The stories of a booming gin scene in the north-east have been featured in a new book.
Fiona Laing has spent four months researching the Scottish gin industry to write The Gin Clan.
The book tells the stories of the distillers and gin-makers across the nation who are using locally-sourced ingredients to craft the popular spirit.
Fiona said she has always been interested in food and drink – particularly those which are produced and sourced in Scotland.
The author, who lives in Edinburgh, added: “Like many people growing up in Scotland, I was very aware of whisky and everywhere I have travelled I go out of my way to visit distilleries – rum in the Caribbean, whisky in Scotland.
“However, I have been interested in the growing popularity of gin and how it’s not regulated the way whisky is.”
In her comprehensive guide, Fiona has listed 77 members of the “Distilling Clan” – those who make gin with their own still – and the 58 “Kith and Kin”, the makers, creators and brand owners who have gin made for them in Scotland and elsewhere.
These include the “cuckoo distillers” who make their gin at other companies’ stills and makers who use different techniques to create “bathtub” – or homemade – gins.
Nineteen gins and distilleries from the region are mentioned.
Fiona says Scotland has now became a “powerhouse” for modern gin and its popularity has been fuelled by adventurous gin-makers.
She said: “Since there is no legal definition to what goes into making Scottish gin, unlike whisky, people start experimenting and exploring with different ingredients.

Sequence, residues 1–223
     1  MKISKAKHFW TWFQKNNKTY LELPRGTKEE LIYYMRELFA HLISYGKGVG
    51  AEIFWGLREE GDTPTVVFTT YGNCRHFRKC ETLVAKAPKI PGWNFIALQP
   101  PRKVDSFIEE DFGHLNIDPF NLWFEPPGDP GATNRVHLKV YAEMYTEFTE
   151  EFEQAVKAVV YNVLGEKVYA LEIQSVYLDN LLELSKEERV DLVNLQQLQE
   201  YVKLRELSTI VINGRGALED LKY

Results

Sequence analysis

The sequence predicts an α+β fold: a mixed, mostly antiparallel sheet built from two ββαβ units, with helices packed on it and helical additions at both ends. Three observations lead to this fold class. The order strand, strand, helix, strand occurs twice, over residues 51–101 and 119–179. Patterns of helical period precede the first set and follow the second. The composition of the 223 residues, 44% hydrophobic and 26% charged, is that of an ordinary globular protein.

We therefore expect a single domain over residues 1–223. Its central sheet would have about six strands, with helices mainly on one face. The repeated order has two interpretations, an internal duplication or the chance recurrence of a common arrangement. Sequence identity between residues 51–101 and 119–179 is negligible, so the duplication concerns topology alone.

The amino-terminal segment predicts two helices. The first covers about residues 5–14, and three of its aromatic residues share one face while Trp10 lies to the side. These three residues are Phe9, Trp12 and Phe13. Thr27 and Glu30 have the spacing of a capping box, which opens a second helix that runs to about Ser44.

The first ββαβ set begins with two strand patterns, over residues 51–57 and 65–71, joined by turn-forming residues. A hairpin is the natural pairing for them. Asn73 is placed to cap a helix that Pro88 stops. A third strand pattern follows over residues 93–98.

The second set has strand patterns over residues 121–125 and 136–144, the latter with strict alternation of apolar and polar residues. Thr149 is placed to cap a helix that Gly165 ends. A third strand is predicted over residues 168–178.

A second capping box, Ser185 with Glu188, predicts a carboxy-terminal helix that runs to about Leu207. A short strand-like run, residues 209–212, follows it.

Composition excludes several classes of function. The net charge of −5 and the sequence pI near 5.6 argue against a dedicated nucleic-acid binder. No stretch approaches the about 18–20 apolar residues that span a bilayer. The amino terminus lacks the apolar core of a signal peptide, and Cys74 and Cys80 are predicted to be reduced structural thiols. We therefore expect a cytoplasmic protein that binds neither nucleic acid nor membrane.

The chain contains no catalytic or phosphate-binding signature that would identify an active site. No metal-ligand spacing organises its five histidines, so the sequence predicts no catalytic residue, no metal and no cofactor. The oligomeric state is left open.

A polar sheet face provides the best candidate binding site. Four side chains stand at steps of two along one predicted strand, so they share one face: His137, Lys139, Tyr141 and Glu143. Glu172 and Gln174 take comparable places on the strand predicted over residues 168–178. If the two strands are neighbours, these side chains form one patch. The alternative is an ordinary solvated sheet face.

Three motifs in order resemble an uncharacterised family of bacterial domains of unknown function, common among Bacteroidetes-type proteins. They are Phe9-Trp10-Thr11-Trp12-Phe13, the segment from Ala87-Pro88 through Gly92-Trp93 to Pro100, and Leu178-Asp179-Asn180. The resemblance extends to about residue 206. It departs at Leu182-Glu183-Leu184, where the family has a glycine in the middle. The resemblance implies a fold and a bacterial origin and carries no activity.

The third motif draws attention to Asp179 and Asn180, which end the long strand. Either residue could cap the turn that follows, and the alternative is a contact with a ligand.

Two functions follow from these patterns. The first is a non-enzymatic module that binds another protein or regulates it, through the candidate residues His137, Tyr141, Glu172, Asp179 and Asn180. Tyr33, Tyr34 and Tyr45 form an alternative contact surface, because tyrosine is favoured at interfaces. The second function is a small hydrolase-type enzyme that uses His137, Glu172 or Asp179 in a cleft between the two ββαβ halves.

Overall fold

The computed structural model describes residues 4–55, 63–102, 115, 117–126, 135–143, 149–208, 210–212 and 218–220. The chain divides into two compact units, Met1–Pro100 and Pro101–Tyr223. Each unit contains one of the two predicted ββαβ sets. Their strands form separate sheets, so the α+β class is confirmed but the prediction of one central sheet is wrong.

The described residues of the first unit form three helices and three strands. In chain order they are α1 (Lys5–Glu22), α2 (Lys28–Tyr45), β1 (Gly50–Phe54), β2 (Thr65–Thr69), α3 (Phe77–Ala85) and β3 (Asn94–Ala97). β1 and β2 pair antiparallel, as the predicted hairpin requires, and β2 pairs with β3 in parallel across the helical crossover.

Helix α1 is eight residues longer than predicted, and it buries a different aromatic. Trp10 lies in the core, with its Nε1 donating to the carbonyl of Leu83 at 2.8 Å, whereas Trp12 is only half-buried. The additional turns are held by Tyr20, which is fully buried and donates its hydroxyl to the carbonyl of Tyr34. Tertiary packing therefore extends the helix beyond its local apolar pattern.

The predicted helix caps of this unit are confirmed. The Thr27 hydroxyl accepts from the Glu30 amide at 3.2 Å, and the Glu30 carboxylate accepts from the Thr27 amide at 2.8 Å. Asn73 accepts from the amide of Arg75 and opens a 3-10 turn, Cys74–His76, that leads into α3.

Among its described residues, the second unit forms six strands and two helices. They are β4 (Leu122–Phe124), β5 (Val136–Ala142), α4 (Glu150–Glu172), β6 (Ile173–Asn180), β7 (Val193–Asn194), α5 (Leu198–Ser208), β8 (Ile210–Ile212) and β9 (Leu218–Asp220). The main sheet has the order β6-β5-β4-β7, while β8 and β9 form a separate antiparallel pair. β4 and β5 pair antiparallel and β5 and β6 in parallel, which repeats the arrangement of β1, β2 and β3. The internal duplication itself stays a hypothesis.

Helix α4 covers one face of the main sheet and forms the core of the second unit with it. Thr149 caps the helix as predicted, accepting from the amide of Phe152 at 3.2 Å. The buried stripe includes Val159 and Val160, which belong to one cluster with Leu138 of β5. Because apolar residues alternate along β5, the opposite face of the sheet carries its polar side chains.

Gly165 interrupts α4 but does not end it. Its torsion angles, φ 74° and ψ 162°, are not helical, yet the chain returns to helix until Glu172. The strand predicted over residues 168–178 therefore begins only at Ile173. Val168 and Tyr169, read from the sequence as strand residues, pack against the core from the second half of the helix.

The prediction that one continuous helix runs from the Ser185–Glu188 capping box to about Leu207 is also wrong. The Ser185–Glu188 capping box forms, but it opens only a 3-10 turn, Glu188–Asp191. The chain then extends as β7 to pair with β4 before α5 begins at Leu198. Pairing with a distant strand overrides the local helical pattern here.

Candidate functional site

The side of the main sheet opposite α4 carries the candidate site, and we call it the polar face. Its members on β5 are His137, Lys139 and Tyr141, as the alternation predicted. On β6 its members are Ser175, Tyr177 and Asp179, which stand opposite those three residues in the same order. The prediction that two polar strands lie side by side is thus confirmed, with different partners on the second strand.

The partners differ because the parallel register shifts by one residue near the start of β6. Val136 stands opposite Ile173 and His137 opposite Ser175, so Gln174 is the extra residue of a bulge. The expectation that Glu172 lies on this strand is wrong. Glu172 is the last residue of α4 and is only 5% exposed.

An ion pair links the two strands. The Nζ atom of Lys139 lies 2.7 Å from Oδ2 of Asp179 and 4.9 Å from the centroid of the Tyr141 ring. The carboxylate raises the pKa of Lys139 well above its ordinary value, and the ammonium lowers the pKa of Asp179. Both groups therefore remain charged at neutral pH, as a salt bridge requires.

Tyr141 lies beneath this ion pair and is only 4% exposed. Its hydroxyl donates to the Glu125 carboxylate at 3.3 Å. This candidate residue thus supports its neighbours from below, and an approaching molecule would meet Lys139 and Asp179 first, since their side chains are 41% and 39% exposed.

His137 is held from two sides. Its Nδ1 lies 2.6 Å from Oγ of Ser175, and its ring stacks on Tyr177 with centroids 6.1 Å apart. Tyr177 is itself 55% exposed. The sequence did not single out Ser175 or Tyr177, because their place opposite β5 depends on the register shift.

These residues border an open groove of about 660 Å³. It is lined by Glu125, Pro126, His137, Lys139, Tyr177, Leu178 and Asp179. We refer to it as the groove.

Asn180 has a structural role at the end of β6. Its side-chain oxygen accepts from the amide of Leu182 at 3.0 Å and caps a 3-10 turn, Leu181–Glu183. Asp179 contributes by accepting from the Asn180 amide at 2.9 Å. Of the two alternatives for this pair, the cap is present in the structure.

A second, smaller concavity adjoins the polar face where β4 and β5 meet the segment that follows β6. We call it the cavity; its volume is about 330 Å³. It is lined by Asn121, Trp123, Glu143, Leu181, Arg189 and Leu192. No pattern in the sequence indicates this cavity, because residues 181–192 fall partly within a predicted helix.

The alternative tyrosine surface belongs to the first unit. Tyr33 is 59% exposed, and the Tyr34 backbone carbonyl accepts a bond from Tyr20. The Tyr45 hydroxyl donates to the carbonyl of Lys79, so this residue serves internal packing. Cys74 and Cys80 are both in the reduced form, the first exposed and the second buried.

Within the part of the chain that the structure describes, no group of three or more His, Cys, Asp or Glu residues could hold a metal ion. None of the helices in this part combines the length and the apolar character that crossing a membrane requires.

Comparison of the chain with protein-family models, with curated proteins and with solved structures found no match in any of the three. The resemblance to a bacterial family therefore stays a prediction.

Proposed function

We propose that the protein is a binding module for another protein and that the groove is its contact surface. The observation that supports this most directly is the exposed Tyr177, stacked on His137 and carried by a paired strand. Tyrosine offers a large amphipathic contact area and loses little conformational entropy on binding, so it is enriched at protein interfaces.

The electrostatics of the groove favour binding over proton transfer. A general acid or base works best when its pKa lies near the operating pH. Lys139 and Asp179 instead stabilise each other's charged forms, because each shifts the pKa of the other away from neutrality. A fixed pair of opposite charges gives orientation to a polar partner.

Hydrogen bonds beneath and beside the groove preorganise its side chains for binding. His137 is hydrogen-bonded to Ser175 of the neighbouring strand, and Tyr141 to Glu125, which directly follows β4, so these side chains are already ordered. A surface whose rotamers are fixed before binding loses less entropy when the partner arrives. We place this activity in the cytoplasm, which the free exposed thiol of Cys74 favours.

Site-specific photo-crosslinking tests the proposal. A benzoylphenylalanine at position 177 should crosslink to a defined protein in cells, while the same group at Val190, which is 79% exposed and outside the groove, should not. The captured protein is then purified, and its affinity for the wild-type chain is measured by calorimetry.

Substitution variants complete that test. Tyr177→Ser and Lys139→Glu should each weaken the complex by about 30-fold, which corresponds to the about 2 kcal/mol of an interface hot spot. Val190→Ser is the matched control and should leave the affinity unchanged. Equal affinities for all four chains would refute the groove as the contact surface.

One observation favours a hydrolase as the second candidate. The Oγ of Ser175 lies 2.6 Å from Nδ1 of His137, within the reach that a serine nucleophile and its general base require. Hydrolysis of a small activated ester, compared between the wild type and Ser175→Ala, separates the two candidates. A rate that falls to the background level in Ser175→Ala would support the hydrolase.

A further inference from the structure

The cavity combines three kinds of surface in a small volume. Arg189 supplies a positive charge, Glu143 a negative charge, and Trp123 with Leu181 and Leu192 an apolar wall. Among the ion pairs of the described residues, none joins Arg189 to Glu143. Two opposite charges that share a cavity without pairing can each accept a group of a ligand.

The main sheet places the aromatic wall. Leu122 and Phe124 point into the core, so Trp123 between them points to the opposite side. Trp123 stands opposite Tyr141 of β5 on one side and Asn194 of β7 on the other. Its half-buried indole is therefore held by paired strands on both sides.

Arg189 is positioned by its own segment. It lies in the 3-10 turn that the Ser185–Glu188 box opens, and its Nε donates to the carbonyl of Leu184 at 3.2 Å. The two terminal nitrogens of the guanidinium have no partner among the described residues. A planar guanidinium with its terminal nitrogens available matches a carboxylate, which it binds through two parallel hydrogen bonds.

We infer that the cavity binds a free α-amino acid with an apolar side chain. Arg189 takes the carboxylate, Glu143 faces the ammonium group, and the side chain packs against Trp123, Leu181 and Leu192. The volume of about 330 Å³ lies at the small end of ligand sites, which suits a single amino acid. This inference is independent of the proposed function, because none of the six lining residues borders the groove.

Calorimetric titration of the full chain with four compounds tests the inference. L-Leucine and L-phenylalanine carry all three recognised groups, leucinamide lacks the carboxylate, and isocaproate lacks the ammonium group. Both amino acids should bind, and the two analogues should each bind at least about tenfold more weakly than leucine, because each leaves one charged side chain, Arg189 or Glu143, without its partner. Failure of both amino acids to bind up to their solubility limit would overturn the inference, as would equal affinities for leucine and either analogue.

“What’s surprising is the use of everyday things.
“There’s information I came across during my research which people would find interesting, like Langstane Liquor Company. It’s one of Scotland’s most intriguing distilleries and is in the basement of Aberdeen’s Orchid bar.”
“Porter’s Gin made a name for itself after its ability to distil botanicals at low temperatures and for using the rare Asian citrus fruit, Buddha’s hand.
“There’s also The Teasmith from Udny, which were the pioneers of using tea in gin.
“There is also Lost Loch Spirits Distillery, which makes EeNoo gin and uses Royal Deeside honey.”
The histories and origins of how these hand-crafted drinks came to be in the north-east is detailed in Fiona’s guide.
Her research demonstrated 23 distilleries went into production in 2018 with 12 more starting up in 2019 when she was writing the guide.
Other stories in her book include one about a gardener who found his flowers make gin that changes colour and the farmer who started distilling as a way to use up wonky potatoes.
The book can be purchased online by visiting bit.ly/2WIfURe
1. Indian Summer Gin, Huntly
2. Vesperis Pictish Gin, Blackford Craft Distillery, Rothienorman
3. Lone Wolf Gin, Lone Wolf Distillery, Ellon
4. The Teasmith, Udny
5. House of Elrick Gin, House of Elrick, Newmachar
6. Hrafn Gin, Raven Spirits, Inverurie
7. EeNoo, Lost Loch Distillery, Dess
8. Esker Gin, Esker Spirits, Kincardine O’ Neil
9. Still River Gin, Deeside Distillery, Banchory
10. Alexander’s Gin, Stonehaven
1. Jindea Single Estate Tea Gin, Aberdeen
2. House of Botanicals Old Tom Gin/Maple Gin, House of Botanicals, Arch 4 Palmerston Road
3. Orchid Gin and Porter’s Gin, Orchid & Porter’s Gin Micro – Distillery, 51 Langstane Place
1. Red Door GinBenromach Distillery, Forres
2. El:Gin, Elgin
3. Avva Scottish Gin, Moray Distillery, Elgin
4. Gordon Castle Gin, Gordon Castle, Fochabers
5. Tenacious GinThe Whisky Shop, Dufftown